Question: But, you must look at her and know she will amount to nothing.

Me: I can’t wait for you to see everything May can do. Watch her Olympic level bouncing to see even a sliver of the joy she has brought into our lives. Society rates success on money and degrees and titles. And, okay, she won’t achieve those. But, how many of us can say that we made a member of our family smile every day?  Is that nothing?

Until you live with May every day, you will not understand how proud of her we are – how her most minor achievements astound us. It is simply not possible to love her more than we do.

There is much pleasure, love and silly songs in your future.

I really wish I had known that then.

Want to read more from Stacie? Check out her posts on BabyCenter’s Momformation!

VOTE for May and Mama! We are nominated for Best Special Needs Blog at Parents Magazine!

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You’ll have to look closely here. As quickly as I could in such an awkward position, I tried to capture something I’d never seen before. The shaky footage is due to me grabbing my computer, the only thing with a camera to hand. Also, the upload plays at a slightly faster speed than real life giving it a silent film like quality. Not to mention I started weeping.

All this, and yet it is such a miraculous moment that I’m uploading it anyway.

Here May reaches out and for the first time I have ever seen, touches something other than our faces. And, it’s her brother.

In my wildest dreams, I never expected May to acknowledge Ieuan so early on. I didn’t get my hopes up on her acknowledging him at all – not until he was old enough to make his presence known. But here, May gently reaches out with an open hand, caresses his face and sticks her index finger in his mouth for him to suck on. She did it here, on the video, but also numerous times throughout hour they lay together under the playmat.

Don’t lose hope parents of special needs kids. Amazing things are always just around the corner. Of course, we endure the desperate eternities between milestones, and even our milestones are not conventional, but sometimes we are rewarded with the most beautiful moments of our lives.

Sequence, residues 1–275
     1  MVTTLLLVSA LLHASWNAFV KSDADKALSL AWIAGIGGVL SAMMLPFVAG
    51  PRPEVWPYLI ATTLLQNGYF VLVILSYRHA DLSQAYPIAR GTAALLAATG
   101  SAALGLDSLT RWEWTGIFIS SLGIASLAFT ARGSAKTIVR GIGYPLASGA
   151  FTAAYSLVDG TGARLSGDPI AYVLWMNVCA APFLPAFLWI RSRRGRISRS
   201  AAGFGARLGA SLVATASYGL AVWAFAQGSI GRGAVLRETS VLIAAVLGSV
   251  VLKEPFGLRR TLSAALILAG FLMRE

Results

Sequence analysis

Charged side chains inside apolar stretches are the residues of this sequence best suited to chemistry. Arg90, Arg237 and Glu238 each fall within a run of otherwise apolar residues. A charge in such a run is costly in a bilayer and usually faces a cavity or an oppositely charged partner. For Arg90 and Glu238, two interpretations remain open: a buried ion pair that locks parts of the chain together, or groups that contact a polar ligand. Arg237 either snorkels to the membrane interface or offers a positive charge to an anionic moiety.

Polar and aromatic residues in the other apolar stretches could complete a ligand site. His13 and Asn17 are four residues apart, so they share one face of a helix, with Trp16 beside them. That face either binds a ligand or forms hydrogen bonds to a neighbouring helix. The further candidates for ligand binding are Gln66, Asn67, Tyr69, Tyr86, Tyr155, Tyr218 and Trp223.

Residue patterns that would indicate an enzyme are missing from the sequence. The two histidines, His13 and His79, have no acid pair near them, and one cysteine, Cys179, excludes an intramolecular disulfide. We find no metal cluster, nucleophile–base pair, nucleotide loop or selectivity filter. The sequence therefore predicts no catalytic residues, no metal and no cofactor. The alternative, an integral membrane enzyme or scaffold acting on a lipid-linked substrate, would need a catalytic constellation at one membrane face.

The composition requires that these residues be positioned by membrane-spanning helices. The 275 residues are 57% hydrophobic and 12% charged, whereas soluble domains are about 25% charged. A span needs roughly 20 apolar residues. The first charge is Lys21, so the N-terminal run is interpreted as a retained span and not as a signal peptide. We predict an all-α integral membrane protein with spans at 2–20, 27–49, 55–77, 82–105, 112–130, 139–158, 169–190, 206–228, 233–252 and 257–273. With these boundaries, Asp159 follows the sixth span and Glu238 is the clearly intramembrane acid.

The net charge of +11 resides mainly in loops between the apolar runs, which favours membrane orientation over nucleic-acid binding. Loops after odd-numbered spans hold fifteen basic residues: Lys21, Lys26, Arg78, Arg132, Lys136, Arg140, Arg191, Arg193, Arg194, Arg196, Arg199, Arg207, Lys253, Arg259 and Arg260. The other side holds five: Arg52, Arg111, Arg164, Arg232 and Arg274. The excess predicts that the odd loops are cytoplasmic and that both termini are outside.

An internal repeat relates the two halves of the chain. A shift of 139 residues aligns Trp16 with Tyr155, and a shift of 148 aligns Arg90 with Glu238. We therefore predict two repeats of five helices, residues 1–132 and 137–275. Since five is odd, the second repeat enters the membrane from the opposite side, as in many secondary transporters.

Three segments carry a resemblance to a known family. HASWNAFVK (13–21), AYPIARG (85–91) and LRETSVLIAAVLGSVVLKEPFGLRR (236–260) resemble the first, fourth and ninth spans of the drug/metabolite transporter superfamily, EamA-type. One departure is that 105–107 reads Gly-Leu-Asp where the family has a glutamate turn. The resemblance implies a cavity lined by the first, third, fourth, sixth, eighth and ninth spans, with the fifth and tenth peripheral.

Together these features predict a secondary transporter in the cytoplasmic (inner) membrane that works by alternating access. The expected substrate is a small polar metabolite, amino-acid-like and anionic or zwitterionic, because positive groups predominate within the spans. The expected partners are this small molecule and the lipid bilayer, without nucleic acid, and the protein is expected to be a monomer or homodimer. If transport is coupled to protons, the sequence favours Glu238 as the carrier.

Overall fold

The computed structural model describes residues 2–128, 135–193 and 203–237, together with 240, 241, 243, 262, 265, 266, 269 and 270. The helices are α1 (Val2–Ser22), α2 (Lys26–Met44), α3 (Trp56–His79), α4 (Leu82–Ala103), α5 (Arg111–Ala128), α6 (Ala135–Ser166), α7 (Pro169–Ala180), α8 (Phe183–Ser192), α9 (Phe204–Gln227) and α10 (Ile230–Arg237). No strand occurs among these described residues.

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There is nothing I like more than hugging my May. She is the softest, sweetest smelling child in all the world. She never tires of cuddles in the way that babies, and certainly toddlers, are meant to. She will snuggle with me for all of eternity if I want, and sometimes I do.

So, why, why, why would I leave her behind and travel such a distance that an entire ocean separates us?

Necessity.

Though May is two years old, because of her brain damage, she is completely dependent on me. And, because she is two, she is heavy. To bring her on a transatlantic flight to visit my family in the States, by myself, along with her newborn brother, I saw as a near impossibility. Not to mention, how I would take care of both of them in tandem for the 10 days of my stay.

Here is what I envisaged for the plane ride alone: My arm thrust across the seat next to me to support my heavy child, who can’t sit, who is crying because she has a wet diaper. Meanwhile, in my lap, her brother is curled up against my other arm, also crying because he is hungry. How? Who? By what means?

Now, multiply that by 10 days.

Maybe, I should have found a way. Or, maybe sometimes, a mama’s got to do what a mama’s got to do. So, I said “goodbye” to my darling cuddle bug. It’s just Ieuan and I here in Detroit.

Oh, but my May-May. My sweet May-May. I miss you.

Want to read more from Stacie? Check out her posts on BabyCenter’s Momformation!

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Since Ieuan’s birth, there has been one question we’ve been asked more than any other, even more than “Are you getting any sleep?” (Answer: No)